Back in March, I wrote about the sorry state of local event information in my home town. There are lots of online calendars -- the newspaper, colleges, and various event venues all have them -- but if you want a comprehensive view, you can't do better than tour the downtown and check out the posters stuck on windows and kiosks.
I wondered why online services like upcoming.org hadn't yet gone viral, and I made a few suggestions, which were well received. But to be honest, the Keene, NH metro in Upcoming is no more lively now -- a day after Yahoo acquired Upcoming -- than it was six months ago.
Case in point: the Betty Dylan band is coming to Keene on Sunday and Monday. I know this because a friend organized the event. But neither of the venues' websites -- Railroad Tavern and Keene State College -- has the information. Nor does the Keene Sentinel. What's more, none of these three websites makes calendar information available as RSS feeds.
Yahoo's acquisition of Upcoming will certainly help move things along. As will the growing visibility of other such services, notably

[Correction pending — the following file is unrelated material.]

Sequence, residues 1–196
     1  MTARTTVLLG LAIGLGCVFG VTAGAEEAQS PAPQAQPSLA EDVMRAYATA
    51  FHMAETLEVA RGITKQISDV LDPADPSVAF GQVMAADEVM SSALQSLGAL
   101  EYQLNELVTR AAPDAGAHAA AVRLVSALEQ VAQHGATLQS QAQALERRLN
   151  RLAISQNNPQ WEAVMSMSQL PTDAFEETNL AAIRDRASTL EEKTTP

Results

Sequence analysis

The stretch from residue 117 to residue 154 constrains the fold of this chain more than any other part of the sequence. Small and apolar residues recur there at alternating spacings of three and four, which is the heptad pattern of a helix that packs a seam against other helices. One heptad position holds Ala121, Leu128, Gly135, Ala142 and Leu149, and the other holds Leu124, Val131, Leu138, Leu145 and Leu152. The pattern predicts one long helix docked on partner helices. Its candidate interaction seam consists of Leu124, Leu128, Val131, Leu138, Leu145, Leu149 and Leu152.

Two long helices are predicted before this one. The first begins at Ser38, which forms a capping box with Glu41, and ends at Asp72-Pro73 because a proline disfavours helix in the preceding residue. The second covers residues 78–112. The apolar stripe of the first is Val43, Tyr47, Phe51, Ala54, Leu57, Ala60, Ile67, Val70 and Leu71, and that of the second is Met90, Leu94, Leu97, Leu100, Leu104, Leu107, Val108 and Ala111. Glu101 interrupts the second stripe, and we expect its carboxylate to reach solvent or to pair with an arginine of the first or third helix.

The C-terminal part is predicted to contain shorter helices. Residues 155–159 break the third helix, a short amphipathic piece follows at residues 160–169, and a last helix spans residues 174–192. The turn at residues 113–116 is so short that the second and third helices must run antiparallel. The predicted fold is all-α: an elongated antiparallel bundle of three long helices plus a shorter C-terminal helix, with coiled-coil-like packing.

EVDB Eventful. But since I expect no single one of these to dominate, or to supplant the existing calendars maintained by newspapers, colleges, and other venues, we have to think in terms of syndication and federation.
RSS is a big part of the story. Calendar publishers need to learn that information made available in RSS format will flow to all the event sites as well as to individual subscribers.
APIs are crucial as well. Happily, they're offered by both Upcoming and EVDB.
Compare the Upcoming and EVDB records for the Keene metro. The superset of these records is more useful than either individually: one lacks a precise address, the other lacks the theater's URL. Similarly, the superset of venues tracked by these (and other) services will, over time, be more complete than the sets tracked by individual services.
APIs provide the technical foundation for federating this information, but the social protocols are yet to be worked out. Who is motivated -- and would be trusted by the community -- to own this process? My hunch is that local newspapers are the ideal candidates for this role.
Former URL: http://weblog.infoworld.com/udell/2005/10/06.html#a1316